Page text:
HISTORY OF LINCOLN-WAY NORTH

A Brief History:

In 2006, voters of District 210 approved a referendum to build two new high schools. At the time, projections showed continued area growth for years to come and Lincoln-Way North opened in 2008. Lincoln-Way North was ranked by Newsweek and U.S. News as one of America's Best High Schools, with impressive academics, athletics, music, and activities. Economic downturn led to declining enrollment and funding. In August of 2015 the Board of Education made the painful decision to close the school. Regardless, the student body of Lincoln-Way North rallied to enjoy their final year. According to Principal Mark Cohen, the graduating class of 2016 “set out to take advantage of the opportunities they had from day one…From the first day of school to the last, members of the Class of 2016 were an example of tenacity, poise, character, and class.” At graduation, the senior class officers presented the Board of Education with a class gift: a trophy case, which is displayed at Lincoln-Way East High School. The display is filled with the many accomplishments earned by the Lincoln-Way North student body, and serves as a constant reminder of the strength of the Phoenix.



Click here for LWN Fight Song

HAIL! TO THE PHOENIX RISING

HAIL TO THE FIRE ETERNAL

HAIL! HAIL! TO LINCOLN-WAY

THE BLACK AND THE GOLD

BORN FROM THE ASH OF VALOR

SOARING WITH STRENGTH AND POWER,

HAIL! HAIL! TO LINCOLN-WAY

THE CHAMPIONS FROM THE NORTH!



Year Closed: 2016      Mascot: Phoenix     

Motto: It's Good To Be Gold      Colors: Vegas Gold and Black


Principals:
Dr. Michael Gardner Dr. Mark Cohen
2008 - 2013 2013-2016

Teacher of the Year recognitions:
2009: Marcia Steward
2010: Margaret (Peggy) Piper
2011: Linda Egnatz
2012: Maria Wilson
2013: George Czart & Lynn Merrick
2014: Amy Shaughnessy
2015: Jason Berg
2016: Britt Christensen

Community Support:
Community engagement around District 210 has always been outstanding, and Lincoln-Way North’s supporters are no exception. Local families, businesses, and good Samaritans donated thousands of dollars to graduating seniors each year. Lincoln-Way North students were recognized annually on “Scholarship Nights,” where their hard work and dedication was rewarded with scholarship money donated by generous locals. Over a half million dollars was donated to the Phoenix.

2010: $68,700
2011: $70,900
2012: $71,400
2013: $70,050
2014: $75,200
2015: $74,300
2016: $92,000


In closing:

The text below contains the closing remarks of Lincoln-Way North Principal, Dr. Mark Cohen, at the graduation ceremony on June 1, 2016.

“Our mascot is a Phoenix, and many ancient civilizations had some variant on the theme of a bird being reborn in flames. There is even greater meaning, however, if we just look a little deeper.

First, the symbol of the Phoenix is a reminder that all things must come to an end. No one here can hold on to something or someone forever. Ceremonies like this are just one example of an end- today you have reached the conclusion of your high school career.

As you get older, you will have days that stand out in your memory as the best days of your life. Perhaps it will be the accomplishment of a lifelong dream, your wedding day, or the birth of your children. These times will be incredible, but they will not last. It is important to learn to be present and enjoy these moments as they happen. They go by so very quickly.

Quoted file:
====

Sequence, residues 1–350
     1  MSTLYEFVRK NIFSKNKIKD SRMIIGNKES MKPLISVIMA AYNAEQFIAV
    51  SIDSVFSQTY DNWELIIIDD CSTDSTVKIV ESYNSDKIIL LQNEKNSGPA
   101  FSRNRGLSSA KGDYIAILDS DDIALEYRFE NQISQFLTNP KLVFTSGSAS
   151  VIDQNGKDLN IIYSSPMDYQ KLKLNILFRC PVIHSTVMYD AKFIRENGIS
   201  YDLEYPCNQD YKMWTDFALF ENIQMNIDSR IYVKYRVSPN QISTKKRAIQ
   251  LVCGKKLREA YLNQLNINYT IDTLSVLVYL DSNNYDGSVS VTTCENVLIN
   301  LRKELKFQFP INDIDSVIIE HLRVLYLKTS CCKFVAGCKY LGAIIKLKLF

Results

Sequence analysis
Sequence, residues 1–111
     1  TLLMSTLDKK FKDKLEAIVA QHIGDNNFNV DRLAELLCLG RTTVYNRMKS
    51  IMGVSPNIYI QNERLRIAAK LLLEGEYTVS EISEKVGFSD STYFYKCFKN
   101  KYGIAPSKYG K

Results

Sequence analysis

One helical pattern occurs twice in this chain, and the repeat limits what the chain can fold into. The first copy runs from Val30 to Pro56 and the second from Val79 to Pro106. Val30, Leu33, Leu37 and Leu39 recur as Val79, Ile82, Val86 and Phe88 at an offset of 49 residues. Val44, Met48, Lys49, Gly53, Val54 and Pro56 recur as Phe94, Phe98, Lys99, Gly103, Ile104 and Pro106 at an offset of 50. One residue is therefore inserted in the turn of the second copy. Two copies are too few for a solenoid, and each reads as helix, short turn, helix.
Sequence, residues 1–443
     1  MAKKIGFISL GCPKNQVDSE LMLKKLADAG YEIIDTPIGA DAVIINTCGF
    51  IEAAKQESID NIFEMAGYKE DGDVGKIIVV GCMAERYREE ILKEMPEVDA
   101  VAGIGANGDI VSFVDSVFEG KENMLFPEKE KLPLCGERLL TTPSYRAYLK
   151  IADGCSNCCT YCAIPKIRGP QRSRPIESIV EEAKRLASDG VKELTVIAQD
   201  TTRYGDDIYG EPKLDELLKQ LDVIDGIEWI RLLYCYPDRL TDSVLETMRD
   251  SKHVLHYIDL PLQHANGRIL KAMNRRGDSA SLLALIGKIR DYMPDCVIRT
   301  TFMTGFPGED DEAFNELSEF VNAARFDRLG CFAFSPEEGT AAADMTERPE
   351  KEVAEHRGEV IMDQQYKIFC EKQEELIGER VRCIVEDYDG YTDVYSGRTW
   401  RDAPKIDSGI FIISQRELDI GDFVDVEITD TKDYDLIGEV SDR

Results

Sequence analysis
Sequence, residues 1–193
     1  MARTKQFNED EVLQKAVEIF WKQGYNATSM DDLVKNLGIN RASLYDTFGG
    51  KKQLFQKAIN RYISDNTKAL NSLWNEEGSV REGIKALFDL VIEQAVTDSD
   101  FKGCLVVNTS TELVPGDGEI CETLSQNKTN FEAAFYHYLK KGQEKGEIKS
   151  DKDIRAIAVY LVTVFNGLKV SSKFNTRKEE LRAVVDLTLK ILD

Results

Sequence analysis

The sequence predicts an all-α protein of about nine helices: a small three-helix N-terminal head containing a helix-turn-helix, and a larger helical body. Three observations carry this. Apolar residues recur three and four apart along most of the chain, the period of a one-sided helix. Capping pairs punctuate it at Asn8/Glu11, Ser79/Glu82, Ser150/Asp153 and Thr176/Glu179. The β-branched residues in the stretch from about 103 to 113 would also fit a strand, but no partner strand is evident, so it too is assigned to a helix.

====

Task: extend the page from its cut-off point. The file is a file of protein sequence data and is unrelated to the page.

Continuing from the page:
Just as your good days must have an end, so will your bad days. You will face setbacks in life. You will face pain. These days, too, will end. While the end of good times may make us unhappy, the ending of sad times brings hope. Tony Dungy, former coach of the Indianapolis Colts, said, “When a game ends, win or lose, it is time to prepare for the next one.” To be a Phoenix is to know all things end, to be thankful for the good times, and optimistic when things aren’t the way we want them to be.

As Phoenix, we also set our accomplishments on fire to remind us we cannot rest on our laurels. Yesterday’s victories don’t matter. Neither do yesterday’s defeats. Every day there lies in front of us important work to be done. We must be prepared to be our best selves, and put in our best effort. There is an old African proverb about a lion and a gazelle that illustrates this point. Every morning in Africa, the gazelle wakes up and knows it must outrun the fastest lion or it may be killed. Every morning the lion wakes up and knows it must run faster than the slowest gazelle or it may starve to death. It doesn’t matter how fast the lion or gazelle were yesterday. In order to make it through today, both animals had better be running.

Finally, a Phoenix moves on from the past and looks forward. One way to do this is to forgive others, and ourselves, of the errors of the past. Just as we let go of the accomplishments of yesterday, we must also let go of yesterday’s anger. Holding a grudge will not make you strong, instead it makes you bitter. Demonstrating forgiveness doesn’t make you weak, it sets you free. Everyone deserves the peace that comes from letting go of negativity.

Graduates, as you continue along life’s journey, take these lessons learned from your time as a Phoenix with you wherever you go. Be thankful for all of the good things in life, and have faith in the future when you find yourself struggling. Be mindful that no defeat is ever permanent and no victory is ever final. Remember that no good is served from looking backwards in life. You should not dwell on the achievements, or losses, or wrongs of the past, but instead put all of your efforts into moving forward and focusing on what’s next.”